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Spreading New Life

The miracles recorded in the last section of Acts 9 explain how God is preparing the apostles to spread the gospel to the ends of the earth. Luke records two miracles, the first of which shows the connection between Christ with His apostles, and the second of which ties that work into the mission of Israel by repeating one of the most upsetting of all the miracles of the Old Testament, and making the same surprising point. Luke’s argument works like this: step one – the apostles continue Jesus’ work. Step two – the apostles follow Jesus’ pattern of ministry, which took Him far beyond Jerusalem. The conclusion that Luke is building towards is that the apostles are being prepared to take the gospel to the Gentiles.

In the first miracle, Luke presents Peter as a new Jesus, continuing the same work by repeating a miracle that Jesus performed in Mark 2:1-12. Leaving Jerusalem for the Judean town of Lydda, Peter finds a man with a Greek name, Aeneas, who is paralyzed, and has been bedridden for eight years. He says to him, “Aeneas, Jesus Christ heals you; rise and make your bed.” Peter provides the hands and feet and lips, but Jesus does the healing.

Notice the result in verse 35: all the residents of Lydda and Sharon saw him, and they turned to the Lord. Even though Peter speaks the words, they know right where to turn: to Jesus. Through this miracle, the divine authority of Jesus is seen to be at work in the disciples. The apostles are continuing Jesus’ work. That’s step one in the argument that underlies this section of Acts 9.

Step two involves Dorcas, a well-loved woman from Joppa, who blessed everyone she knew through her love and hard work, but who now has died. Peter performs a miracle and raises her from the dead, but our focus is not on the miracle itself, a dramatic testimony to the power of God to overcome death, but on the meaning of the miracle. Step two in Luke’s argument moves the action even closer to the Gentiles. Lydda is about 25 miles outside of Jerusalem, and Joppa is another 12 miles beyond that, on the Samaritan border.

In 1 Kings 17:17-24, we read of Elijah the prophet raising a boy from the dead at the request of a Samaritan widow. Note the similarities between this passage and the account of the raising of Dorcas in Acts 9: in both events the action occurs on the outskirts of Israel, involving the death of someone deeply beloved. They both take place in an upper room, where the prophet/apostle prays, the person returns to life, they are presented before the crowd of mourners, and God’s truth is established in the mouth of His servant.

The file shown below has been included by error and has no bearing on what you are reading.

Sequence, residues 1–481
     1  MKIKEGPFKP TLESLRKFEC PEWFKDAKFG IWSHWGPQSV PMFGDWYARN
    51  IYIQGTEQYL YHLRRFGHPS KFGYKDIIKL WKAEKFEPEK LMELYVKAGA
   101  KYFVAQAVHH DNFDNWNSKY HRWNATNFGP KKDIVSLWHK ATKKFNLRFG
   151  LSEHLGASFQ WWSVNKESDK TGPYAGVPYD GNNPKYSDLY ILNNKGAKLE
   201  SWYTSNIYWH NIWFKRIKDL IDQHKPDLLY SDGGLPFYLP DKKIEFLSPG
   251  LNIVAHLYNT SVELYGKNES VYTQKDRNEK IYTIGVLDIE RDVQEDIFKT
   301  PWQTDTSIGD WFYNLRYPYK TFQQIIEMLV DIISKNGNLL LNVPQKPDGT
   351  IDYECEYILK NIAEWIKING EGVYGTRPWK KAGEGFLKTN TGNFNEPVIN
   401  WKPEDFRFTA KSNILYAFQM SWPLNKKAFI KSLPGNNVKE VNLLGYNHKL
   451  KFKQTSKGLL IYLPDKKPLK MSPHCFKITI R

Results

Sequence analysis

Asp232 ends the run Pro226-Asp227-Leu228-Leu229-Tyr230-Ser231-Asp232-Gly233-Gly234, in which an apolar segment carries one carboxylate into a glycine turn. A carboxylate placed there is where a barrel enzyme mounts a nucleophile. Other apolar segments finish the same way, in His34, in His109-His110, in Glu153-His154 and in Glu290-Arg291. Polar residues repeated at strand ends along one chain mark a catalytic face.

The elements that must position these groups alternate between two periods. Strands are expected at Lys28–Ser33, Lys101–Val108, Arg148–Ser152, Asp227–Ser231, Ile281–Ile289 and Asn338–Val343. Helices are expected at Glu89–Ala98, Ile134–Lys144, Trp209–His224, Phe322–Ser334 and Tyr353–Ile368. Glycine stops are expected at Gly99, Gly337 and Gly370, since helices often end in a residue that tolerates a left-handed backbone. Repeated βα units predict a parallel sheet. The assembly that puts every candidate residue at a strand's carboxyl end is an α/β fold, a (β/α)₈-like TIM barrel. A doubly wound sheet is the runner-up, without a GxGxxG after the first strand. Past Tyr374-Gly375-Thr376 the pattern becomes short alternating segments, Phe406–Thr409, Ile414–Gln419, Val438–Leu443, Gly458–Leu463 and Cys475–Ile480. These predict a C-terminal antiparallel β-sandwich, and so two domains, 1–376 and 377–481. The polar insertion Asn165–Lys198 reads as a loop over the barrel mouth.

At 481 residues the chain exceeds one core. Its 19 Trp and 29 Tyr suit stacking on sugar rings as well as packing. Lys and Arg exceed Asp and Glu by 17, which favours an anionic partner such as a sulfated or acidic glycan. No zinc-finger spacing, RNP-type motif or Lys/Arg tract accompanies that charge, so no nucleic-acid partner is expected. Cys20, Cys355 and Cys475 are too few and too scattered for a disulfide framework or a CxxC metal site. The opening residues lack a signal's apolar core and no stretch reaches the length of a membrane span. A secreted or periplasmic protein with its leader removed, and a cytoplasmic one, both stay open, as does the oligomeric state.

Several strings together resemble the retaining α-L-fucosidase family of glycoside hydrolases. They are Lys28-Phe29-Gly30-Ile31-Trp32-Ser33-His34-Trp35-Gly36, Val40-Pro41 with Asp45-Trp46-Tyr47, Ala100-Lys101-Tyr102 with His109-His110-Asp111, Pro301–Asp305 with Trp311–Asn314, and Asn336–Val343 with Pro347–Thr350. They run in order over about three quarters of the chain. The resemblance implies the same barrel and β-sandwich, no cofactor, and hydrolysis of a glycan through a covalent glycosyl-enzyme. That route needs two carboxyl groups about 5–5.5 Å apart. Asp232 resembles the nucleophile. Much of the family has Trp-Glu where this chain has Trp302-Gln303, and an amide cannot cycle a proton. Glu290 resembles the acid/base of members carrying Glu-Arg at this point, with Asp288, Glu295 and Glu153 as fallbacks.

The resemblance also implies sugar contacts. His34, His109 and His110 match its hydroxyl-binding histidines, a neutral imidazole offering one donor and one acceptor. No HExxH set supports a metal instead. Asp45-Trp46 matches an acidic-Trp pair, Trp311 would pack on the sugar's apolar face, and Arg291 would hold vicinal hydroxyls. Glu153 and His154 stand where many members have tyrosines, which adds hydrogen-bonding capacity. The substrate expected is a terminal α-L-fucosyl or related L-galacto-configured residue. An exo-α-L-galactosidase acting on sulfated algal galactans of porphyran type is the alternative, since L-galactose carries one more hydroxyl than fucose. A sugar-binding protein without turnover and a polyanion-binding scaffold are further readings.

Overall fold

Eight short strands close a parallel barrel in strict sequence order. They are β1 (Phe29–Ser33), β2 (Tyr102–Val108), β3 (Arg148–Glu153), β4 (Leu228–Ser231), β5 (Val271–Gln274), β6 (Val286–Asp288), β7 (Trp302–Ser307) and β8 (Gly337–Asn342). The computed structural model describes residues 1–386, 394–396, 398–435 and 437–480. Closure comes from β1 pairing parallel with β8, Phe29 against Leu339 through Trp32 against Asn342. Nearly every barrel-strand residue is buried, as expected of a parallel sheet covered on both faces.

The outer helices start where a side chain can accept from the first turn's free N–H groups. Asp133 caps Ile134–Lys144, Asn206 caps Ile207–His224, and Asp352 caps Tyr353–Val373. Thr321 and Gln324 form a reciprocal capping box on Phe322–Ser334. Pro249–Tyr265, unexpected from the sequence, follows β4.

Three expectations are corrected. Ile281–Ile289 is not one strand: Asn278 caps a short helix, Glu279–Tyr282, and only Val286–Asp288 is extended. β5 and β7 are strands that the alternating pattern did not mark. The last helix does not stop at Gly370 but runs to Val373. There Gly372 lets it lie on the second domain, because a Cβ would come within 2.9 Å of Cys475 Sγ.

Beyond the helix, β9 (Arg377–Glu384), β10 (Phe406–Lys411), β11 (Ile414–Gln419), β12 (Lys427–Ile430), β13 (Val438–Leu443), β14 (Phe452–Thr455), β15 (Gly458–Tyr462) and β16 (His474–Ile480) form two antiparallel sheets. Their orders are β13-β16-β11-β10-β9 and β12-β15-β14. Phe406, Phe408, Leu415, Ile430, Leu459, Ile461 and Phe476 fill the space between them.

And here’s the connection: In Luke 4, Jesus refers to the story in 1 Kings, and makes the point that even though there were many widows in Israel that God could have blessed, He chose a Gentile widow. This enrages the Jews, and they seek to kill Him. Well, here we see Peter, getting farther and farther away from Jerusalem, and extending the new life of the gospel to people less and less Jewish, repeating and continuing the offensive ministry of Jesus through a parallel resurrection. Luke is not simply telling miracle stories for the fun of it. He is using these stories to break down the walls that separate Jew and Gentile, so that the gospel will spread, as it does in verse 42, throughout all Joppa.

And here is how we should let the main lesson from this section of Acts 9 impact us: As I mentioned earlier, we are witnessing new life, church growth, and answered prayer as God continues the work of Christ through us. This should be known throughout Annapolis! Why is it that we so rarely talk about this sort of thing? Luke has recorded these miracles in order to undermine the wall of separation between Jew and Gentile, but what are the walls that keep us from spreading new life to others?

Here is the charge: identify these walls, whether ethnic, racial, social, cultural, or even the personal walls of selfishness and cowardice, and break them down. Celebrate the mighty works of God, making them known throughout all of Annapolis, and watch what God will do.

Posted on Thursday, May 15, 2014 by CJ Bowen